Published in the October 2011 issue of Today’s Hospitalist
For years, hospitalists have taken full advantage of their seemingly endless opportunities to job-hop. Stories abound of young physicians taking a job as a hospitalist, only to quit a year later (or less).
Sometimes hospitalists leave their jobs to start a fellowship. In other instances, hospitalists need to relocate because a spouse has finished specialty training or accepted a new job.
But according to the complaints I hear from program directors, an awful lot of hospitalists seem to leave their jobs after only a year or two for other reasons.
This year’s Today’s Hospitalist Compensation & Career survey, for instance, found that almost 27% of hospitalists planned to stay in their current job for only two years. Only 8% said they planned to leave the specialty during that same time frame, which indicates that most are planning to switch jobs.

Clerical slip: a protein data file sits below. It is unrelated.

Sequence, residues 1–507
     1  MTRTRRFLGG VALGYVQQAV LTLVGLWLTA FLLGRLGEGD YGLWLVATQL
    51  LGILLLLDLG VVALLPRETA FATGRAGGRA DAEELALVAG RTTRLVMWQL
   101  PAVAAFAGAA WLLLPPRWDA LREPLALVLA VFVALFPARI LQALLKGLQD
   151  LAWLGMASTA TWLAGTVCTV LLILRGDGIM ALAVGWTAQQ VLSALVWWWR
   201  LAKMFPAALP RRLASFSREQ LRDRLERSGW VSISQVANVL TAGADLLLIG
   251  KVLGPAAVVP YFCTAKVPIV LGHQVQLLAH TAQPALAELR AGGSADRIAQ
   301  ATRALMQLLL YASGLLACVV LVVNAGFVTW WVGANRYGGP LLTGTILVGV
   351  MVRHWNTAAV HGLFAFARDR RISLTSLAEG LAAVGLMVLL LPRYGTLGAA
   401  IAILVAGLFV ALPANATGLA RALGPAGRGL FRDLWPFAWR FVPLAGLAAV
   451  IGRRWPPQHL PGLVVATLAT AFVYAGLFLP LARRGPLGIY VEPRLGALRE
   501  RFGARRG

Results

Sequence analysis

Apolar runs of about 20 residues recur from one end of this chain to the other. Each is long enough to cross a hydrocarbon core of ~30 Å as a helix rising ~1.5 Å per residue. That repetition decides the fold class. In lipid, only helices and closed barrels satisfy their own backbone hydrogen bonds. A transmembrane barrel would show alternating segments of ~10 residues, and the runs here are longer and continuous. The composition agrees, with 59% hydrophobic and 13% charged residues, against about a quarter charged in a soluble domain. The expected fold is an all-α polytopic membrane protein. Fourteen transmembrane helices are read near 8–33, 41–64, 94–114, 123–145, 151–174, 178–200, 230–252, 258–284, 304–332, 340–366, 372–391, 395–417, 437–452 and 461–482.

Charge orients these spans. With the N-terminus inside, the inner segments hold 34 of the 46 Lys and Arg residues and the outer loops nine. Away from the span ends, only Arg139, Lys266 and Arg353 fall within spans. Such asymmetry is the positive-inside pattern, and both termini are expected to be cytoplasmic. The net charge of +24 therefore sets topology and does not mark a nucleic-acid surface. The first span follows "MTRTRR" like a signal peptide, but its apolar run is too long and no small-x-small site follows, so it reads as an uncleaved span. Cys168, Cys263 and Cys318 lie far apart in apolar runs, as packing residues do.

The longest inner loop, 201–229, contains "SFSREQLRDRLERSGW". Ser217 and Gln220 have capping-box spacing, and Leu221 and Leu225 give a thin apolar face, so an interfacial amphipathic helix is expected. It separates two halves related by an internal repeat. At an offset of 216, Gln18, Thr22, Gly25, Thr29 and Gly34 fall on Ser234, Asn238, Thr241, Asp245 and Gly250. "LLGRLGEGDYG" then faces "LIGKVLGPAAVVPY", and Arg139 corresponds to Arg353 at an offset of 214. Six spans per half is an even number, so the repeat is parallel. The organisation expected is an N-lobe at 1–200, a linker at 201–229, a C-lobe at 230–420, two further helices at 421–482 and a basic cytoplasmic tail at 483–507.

Job-hopping is not entirely unique to hospital medicine. For years, the rule of thumb has been that about half of new physicians will leave their first job in two years. But according to this month’s cover story, that figure approaches 70% for hospitalists.
Clearly, not every job is going to be a perfect fit. That’s particularly true for physicians in their first job out of residency, who often overlook critical issues in contracts. (See our story for tips on avoiding those pitfalls.)
But as our cover story points out, some hospitalists worry that the job-switching that’s so pervasive among hospitalists is hurting the specialty. If individual hospitalists find that job-hopping begins to hurt their career prospects, as some predict, the issue could begin to get the attention that leaders in the field say it deserves.
Editor & Publisher